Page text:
- Michelle Brattain
Low, Juliette (31 October 1860–18 January 1927), founder of the Girl Scouts of America, was born Juliette Gordon in Savannah, Georgia, the daughter of General William Washington Gordon, a former Confederate officer and cotton merchant, and Eleanor Kinzie. “Daisy,” as she was known to friends and members of her family, was a “brilliant eccentric,” according to her siblings. Juliette seems to have taken after her mother, a “Yankee” from Chicago, who was well known as a vivacious, energetic, independent woman who spoke her mind and generally belied the sentimental, passive ideal of antebellum women. Like her mother, Juliette, was frequently described by her friends and family in terms of her charm, wicked wit, vitality, enthusiasm, and devil-may-care attitude.
Juliette’s father quickly recovered financial losses sustained during the war, and Juliette and her siblings were all provided expensive and stylish educations. Juliette attended private school in Savannah and then boarding school at Stuart Hall and Edge Hill in Virginia. She completed her education at Mesdemoiselles Charbonnier’s, a select finishing school in New York City, where she acquired all the accomplishments necessary to a nineteenth-century debutante. Though Juliette proved quite talented at art and acquired a great interest in history and literature, her spelling remained notoriously poor and she commonly used malapropisms.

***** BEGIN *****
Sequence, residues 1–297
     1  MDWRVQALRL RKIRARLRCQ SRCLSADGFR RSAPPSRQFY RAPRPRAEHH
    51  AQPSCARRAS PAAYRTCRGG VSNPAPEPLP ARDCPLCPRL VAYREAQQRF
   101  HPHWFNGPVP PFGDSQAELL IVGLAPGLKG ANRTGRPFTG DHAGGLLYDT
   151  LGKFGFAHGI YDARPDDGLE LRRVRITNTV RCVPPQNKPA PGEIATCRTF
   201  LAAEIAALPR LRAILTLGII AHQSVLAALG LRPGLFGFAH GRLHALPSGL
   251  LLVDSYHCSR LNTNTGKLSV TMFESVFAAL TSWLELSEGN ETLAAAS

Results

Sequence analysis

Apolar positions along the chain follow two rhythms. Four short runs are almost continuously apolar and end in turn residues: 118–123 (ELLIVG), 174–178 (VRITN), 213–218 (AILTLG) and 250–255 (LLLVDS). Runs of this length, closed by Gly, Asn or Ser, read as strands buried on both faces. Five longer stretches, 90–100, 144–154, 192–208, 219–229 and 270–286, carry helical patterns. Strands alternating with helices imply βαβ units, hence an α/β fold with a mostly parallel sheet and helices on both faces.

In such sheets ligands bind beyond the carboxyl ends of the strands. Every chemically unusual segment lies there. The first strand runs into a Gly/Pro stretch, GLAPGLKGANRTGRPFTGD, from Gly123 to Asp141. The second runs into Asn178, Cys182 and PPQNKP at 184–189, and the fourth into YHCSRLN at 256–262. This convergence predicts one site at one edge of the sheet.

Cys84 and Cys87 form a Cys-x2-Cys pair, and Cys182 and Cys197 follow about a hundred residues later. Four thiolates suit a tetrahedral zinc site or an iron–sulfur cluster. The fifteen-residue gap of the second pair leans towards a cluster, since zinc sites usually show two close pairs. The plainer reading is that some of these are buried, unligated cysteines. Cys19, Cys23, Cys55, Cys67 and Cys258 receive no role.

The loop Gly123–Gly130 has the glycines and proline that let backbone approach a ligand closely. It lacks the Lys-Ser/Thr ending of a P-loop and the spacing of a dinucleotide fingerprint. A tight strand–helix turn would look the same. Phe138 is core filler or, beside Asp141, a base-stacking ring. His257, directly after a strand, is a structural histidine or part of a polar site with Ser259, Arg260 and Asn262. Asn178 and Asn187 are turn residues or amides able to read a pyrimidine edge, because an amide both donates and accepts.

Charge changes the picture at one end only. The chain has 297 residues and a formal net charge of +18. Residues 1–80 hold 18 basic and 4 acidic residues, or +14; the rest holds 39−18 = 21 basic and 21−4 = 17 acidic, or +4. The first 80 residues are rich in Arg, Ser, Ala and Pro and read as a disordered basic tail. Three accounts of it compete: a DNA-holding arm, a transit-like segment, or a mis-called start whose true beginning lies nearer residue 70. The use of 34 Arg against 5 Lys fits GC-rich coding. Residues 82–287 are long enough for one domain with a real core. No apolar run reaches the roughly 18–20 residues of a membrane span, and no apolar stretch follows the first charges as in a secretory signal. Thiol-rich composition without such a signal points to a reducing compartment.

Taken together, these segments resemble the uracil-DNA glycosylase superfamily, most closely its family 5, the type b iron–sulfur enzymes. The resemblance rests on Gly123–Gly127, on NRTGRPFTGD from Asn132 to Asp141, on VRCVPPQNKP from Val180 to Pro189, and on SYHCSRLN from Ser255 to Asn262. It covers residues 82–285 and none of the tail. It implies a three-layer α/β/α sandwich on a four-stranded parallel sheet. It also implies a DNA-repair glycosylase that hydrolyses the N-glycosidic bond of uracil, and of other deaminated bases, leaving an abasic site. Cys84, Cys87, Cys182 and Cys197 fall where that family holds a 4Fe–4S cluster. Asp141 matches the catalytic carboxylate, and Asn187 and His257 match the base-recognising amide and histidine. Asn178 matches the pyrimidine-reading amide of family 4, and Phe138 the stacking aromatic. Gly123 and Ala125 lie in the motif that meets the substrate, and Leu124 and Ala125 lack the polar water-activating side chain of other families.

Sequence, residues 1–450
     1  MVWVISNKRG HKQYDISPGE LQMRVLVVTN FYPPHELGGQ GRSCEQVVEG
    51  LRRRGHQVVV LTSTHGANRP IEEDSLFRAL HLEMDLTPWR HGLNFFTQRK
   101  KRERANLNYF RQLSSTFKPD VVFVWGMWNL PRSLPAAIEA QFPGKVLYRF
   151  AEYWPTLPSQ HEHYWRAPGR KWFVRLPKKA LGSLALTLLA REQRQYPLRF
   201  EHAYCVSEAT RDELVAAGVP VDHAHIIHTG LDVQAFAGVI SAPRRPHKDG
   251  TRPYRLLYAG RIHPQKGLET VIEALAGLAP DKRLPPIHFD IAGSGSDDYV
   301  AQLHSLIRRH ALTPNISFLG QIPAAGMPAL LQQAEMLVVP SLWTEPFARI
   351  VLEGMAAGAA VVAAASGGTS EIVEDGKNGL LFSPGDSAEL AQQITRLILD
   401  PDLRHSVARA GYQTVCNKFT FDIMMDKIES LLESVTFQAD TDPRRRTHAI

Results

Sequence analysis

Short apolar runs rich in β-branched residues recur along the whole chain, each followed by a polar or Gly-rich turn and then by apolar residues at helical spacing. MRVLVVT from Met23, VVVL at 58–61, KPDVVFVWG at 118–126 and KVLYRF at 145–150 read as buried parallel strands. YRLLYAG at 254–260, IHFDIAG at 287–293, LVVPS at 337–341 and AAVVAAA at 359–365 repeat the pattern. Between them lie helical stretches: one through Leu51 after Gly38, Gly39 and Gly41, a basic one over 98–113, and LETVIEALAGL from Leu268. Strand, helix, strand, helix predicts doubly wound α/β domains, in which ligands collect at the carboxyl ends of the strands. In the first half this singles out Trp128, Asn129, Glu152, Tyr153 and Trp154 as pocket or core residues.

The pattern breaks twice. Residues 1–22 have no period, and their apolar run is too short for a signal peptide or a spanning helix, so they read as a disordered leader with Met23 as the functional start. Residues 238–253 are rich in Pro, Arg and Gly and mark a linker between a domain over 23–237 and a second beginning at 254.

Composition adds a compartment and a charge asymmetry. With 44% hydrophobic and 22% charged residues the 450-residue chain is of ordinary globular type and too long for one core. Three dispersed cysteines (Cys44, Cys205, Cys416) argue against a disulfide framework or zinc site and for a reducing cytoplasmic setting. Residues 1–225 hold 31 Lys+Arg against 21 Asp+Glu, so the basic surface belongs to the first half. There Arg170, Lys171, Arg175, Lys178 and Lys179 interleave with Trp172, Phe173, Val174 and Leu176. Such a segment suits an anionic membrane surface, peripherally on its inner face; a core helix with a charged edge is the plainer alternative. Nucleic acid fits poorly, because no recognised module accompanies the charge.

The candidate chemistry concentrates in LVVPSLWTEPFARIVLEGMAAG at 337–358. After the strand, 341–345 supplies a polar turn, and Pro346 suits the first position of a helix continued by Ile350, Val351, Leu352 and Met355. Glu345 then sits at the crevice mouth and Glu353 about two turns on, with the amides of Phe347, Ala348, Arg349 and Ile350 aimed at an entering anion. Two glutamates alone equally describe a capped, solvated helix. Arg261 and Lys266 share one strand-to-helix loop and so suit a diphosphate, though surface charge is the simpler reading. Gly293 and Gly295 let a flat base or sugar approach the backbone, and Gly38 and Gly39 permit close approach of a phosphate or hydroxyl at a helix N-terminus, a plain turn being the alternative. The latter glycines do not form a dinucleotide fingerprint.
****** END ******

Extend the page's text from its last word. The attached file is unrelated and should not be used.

After graduation, Juliette embarked on a series of travels in the United States and Europe. In England she met William Mackay Low, the independently wealthy son of a family well established in English and Savannah society. As the only male heir to the multimillion-dollar English estate of Andrew Low, William hobnobbed with the highest members of British society, including the prince of Wales. After a long, secret engagement, William and Juliette were married on 21 December 1886 in Savannah. They spent most of their nine-year marriage in England, where they established several households but did not have children. Although Juliette Low apparently experienced some trepidation upon entering such aristocratic circles, she became a popular and talented hostess, joining the social circuit of hunts, balls, and events at court. The marriage, however, began to deteriorate. An earache, mistakenly treated with nitrate of silver, left Low with chronic hearing problems, and as they became worse it was impossible for her to continue horseback riding and hunting. Soon William Low was leaving his wife alone for long periods of time. He became involved with another woman and asked his wife for a divorce. Low consented, and the couple had a long and bitter separation. In 1905, before the divorce was finalized, William Low died, leaving the bulk of his estate to his mistress. For the next six years, a disheartened Low, burdened by wounded pride and chronic hearing problems, migrated back and forth from Europe to the United States visiting friends and family.